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James AIKMAN (b.1959)
Violin Concerto Lines in Motion (2009) [23:02]
Ania's Song - A Pavane, for string orchestra (2006) [9:11]
Concerto, for alto saxophone and orchestra (2010) [23:03]
Charles Wetherbee (violin)
Taimur Sullivan (alto saxophone)
St. Petersburg State Symphony Orchestra/Vladimir Lande
rec. St Catherine Lutheran Church, St Petersburg, Russia, 23-24 June and 2-3 July 2010. DDD

Experience Classicsonline

The blurb for this CD says that American composer James Aikman's works "embrace a colorful tapestry of stylistic influences, including jazz and pop", a signal, presumably, that Aikman's music is approachable and perhaps even a bit minimalist or crossover?

The three works featured here are certainly attractive and likely to appeal to a wide audience - but not one raised on a diet of André Rieu, Ludovico Einaudi or even Philip Glass. Those familiar with John Adams will find some communality, but otherwise Aikman's music sits well with recent entries in Naxos's mammoth 'American Classics' series, such as Gabriela Lena Frank (review), David Gompper (review) or Lawrence Dillon (review). Aikman's is American music, slightly, and it is populist, but those are not defining or even important characteristics. Though naturally different in a number of ways, both concertos can be characterised as spirited, free-flowing, often virtuosic, colourfully orchestrated, loosely tonal, modern-lyrical creations. In between, for good measure, lies the reflective, simple, Barber-lite Pavane for strings.

The St Petersburg SSO are not Russia's greatest orchestra, nor do they have the illustrious history of some of the better-known counterparts, but they have made some fairly decent recordings over the years - Gliere's orchestral music on Marco Polo in the 1990s, most notably (8.223675) - and can count Richter, Janssons and Temirkanov among their stellar former conductors. Their latest director is Vladimir Lande, also oboist for the Poulenc Trio, and this is his first recording for Naxos.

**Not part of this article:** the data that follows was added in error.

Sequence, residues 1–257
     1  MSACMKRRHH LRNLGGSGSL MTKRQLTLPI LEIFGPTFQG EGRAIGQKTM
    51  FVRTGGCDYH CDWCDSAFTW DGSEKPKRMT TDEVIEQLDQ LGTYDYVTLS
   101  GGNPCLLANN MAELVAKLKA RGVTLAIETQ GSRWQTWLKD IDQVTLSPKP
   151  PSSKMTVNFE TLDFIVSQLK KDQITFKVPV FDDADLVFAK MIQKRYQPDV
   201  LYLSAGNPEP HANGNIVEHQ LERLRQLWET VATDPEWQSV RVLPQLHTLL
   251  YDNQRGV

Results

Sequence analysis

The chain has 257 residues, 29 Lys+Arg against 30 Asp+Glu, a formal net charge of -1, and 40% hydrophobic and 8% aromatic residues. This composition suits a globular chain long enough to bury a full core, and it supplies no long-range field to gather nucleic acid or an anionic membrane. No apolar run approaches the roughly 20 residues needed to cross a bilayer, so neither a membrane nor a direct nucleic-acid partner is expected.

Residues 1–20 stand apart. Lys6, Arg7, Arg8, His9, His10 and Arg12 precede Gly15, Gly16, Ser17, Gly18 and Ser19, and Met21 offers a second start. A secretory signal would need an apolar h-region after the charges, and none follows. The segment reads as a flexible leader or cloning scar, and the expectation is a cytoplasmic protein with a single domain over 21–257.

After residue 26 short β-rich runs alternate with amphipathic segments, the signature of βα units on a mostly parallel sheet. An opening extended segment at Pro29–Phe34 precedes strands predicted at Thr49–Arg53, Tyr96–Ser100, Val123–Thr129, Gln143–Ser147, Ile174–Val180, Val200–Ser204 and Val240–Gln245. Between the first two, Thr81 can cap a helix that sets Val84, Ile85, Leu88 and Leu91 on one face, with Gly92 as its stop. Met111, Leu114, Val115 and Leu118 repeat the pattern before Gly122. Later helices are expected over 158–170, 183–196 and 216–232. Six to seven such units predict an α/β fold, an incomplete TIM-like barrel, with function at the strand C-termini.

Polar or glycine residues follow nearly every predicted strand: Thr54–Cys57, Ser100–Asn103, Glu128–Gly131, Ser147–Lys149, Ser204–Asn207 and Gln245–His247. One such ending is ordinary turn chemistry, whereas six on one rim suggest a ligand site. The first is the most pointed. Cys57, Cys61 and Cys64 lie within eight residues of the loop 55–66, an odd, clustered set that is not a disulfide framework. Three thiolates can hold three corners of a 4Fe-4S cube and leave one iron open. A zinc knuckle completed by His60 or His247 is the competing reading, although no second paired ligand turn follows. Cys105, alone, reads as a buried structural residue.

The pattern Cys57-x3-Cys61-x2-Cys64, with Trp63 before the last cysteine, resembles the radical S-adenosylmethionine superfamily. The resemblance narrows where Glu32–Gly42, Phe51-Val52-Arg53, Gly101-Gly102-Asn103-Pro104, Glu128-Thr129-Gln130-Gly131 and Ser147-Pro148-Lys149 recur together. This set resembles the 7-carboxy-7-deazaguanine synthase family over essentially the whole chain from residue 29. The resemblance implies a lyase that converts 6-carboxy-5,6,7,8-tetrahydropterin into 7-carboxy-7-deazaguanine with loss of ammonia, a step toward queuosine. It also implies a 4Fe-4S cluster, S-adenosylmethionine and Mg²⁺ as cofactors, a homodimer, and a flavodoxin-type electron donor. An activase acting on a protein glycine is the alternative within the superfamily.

American saxophonist Taimur Sullivan also makes his debut for the label, though he has appeared on more than two dozen recordings for other houses. His fellow American Charles Wetherbee, also violinist for the Carpe Diem Quartet, has appeared on Naxos twice before, in the striking concertos of contemporary American composer Jonathan Leshnoff (8.559398, 8.559670). Both CDs were very well received both for Leshnoff's music and Wetherbee's performances - on the earlier disc (8.559398), in fact, he appeared as soloist in Leshnoff's Violin Concerto and as a member of Carpe Diem in his First Quartet.

Here, both Wetherbee and Sullivan, often pitched against the full strength of the orchestra, put in splendid performances, whilst Lande deftly guides the St Petersburg through the thick and thin of Aikman's scores.

The CD title is a bit daft; 'Venice of the North' is nothing more than a reference to St Petersburg and Aikman's fondness for the place - but perhaps Naxos did not realise that 'Venice of the North' is also the nickname of Amsterdam, Stockholm, Hamburg and even Manchester? Sound quality is very good, although the saxophone can be a little overbearing - its sound being that much more resonant than the violin's, it needs to be miked less closely - and a church is never the best of places for recording orchestras. The CD booklet includes an essay on Aikman and his three featured works.

There is also a rather ingratiating personal note from Aikman himself, which some may wish they had left unread. Chiming with the post-modern sentiment of the blurb, he writes: "Taimur Sullivan, Charles Wetherbee and Maestro Lande are classical music artists of the highest level, who have also listened to and played jazz and various forms of pop music. That is precisely how we are genuinely able to project the variety of stylistic nuances I call for in the music on this recording, as vastly different as: 'a la rock guitar solo,' 'breathy, like Paul Desmond' [...] 'give and take as in dancing'".

Fortunately, there is no prerequisite for any listener to be similarly trendy: whatever Aikman claims he has included in the recipes for his concertos, the results are fat-free, tasty musical fare that will appeal to most palates. The CD is rather short, though - dropping the relatively anaemic Ania's Song for a meatier orchestral work might have given better value for money.

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